I'd have thought that, even if their ideas haven't gotten any smarter, these far right candidates might at least have learned which ones to not advertise during a campaign after that "legitimate rape" flap. But here's Indiana GOP Senate candidate Richard Mourdock proving otherwise.
This is just the logical extension of the anti-abortion argument.
In a way, being a fundy type of argument it's stronger for being inflexible. I would speculate that what's happened is that the religious conservatives have finally realized that by carving out exceptions to their doctrine they're essentially saying that their doctrine is unnecessary.
Let me digress with an example; Baptism. Is water baptism absolutely 100% required for a person to get into their heaven? Some say yes, but then when you ask about other cultures, babies, abortions, pre-Jesus or even some of the disciples then they get squidgy. If it's not an absolute requirement, then it's not a requirement, it's a strong suggestion.
Abortion works much the same way. Either they accept that it's ok sometimes, or they reject it regardless of any pan and suffering issues at play.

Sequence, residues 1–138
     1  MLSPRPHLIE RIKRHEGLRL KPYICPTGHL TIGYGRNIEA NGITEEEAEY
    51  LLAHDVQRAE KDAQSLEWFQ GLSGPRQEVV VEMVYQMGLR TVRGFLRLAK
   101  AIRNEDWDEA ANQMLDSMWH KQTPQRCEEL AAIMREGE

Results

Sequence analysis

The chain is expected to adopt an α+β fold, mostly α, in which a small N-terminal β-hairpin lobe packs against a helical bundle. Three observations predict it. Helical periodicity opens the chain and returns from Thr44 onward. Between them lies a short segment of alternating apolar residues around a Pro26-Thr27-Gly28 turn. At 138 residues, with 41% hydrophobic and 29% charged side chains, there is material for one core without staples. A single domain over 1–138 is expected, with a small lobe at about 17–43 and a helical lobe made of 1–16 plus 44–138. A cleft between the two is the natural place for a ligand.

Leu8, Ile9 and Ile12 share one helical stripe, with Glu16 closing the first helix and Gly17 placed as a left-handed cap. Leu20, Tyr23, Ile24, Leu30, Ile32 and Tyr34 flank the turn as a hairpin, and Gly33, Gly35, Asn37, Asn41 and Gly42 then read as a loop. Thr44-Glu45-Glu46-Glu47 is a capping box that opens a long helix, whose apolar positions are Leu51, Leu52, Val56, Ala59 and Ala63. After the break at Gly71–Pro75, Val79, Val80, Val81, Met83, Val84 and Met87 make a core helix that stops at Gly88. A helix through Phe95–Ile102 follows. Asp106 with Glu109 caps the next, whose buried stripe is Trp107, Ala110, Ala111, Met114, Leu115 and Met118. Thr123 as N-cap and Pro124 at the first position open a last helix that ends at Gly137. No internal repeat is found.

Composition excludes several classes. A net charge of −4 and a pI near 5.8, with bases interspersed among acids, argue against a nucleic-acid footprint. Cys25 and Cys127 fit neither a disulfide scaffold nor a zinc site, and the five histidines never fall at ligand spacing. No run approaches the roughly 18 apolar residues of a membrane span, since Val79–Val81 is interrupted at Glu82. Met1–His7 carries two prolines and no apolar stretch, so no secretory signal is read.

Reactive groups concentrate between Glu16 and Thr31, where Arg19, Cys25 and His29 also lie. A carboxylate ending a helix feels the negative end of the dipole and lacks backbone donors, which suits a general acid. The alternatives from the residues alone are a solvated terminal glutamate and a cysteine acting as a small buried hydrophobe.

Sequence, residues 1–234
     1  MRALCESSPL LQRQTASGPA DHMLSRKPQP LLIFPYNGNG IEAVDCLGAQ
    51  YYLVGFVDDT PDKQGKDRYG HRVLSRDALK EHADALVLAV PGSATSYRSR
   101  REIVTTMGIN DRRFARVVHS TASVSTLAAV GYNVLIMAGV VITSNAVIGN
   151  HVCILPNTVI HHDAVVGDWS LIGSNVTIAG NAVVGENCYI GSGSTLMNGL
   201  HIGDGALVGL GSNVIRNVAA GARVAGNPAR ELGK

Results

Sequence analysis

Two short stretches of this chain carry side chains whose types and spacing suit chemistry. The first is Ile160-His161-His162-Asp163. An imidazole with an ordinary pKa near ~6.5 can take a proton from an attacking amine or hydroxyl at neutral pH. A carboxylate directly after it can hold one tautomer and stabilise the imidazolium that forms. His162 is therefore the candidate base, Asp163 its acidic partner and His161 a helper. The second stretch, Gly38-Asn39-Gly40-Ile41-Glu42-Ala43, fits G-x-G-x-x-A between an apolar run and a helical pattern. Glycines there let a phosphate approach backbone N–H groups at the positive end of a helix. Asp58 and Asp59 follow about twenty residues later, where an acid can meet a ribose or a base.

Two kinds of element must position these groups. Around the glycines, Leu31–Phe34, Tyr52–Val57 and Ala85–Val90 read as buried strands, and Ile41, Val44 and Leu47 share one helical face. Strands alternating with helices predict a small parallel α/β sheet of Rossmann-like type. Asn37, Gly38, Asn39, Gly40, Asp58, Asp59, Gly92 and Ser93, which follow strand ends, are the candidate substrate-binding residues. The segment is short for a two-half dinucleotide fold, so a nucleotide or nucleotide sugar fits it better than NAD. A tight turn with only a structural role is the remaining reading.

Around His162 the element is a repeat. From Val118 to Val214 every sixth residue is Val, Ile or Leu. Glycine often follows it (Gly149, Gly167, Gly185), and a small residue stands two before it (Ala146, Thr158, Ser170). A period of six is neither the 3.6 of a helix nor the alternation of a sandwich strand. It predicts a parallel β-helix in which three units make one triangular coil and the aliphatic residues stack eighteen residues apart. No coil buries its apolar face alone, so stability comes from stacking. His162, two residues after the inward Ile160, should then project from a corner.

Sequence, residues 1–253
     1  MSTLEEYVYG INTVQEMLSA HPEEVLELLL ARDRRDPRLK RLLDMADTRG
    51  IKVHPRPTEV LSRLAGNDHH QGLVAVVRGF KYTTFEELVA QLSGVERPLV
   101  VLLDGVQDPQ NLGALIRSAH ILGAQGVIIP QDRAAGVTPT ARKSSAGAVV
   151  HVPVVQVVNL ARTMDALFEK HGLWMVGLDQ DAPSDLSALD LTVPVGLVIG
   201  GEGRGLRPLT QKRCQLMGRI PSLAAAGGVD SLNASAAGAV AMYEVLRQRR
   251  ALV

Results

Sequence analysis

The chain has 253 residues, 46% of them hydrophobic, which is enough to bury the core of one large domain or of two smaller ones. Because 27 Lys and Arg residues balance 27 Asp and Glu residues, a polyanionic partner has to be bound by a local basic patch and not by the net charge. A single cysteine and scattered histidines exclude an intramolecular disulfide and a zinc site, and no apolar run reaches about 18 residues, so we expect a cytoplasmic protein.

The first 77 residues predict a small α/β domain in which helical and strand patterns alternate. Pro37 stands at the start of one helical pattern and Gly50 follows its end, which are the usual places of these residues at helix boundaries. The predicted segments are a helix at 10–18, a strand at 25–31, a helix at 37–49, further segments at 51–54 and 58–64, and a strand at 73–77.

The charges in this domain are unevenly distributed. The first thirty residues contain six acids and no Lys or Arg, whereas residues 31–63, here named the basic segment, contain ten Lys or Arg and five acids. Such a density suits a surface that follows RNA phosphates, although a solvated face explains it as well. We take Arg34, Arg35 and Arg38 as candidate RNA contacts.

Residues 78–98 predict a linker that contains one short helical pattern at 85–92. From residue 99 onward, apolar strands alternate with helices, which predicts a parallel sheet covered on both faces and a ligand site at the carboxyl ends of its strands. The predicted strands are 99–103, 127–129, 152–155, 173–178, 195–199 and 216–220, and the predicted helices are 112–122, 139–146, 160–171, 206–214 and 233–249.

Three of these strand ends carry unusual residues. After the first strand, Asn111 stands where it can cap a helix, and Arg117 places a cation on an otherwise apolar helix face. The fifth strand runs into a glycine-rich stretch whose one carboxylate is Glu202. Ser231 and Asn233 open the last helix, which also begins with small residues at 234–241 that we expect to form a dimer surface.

The problem here is that people buy into the emotional argument about abortion. In the vast majority of cases abortion consists of 'curretage' which functionally is just a long spoon, or loop that the doctor uses to lightly scrape the walls of the uterus. The material being removed may not even be visible to the naked eye, or at most would be about the size of a period.
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They also ignore the very high percentage of natural abortions, or simply 'pregnancies that don't attach.
The real problem as I see it isn't that they have a problem with abortion. They don't have to get one if they don't want one.
Even most 'pro-choice' people don't *like* abortions, that's stupid. It's a medical procedure, what's to like about it?
The real problem is that they want to decide whether others are allowed to use their constitutionally protected right to choose for themselves.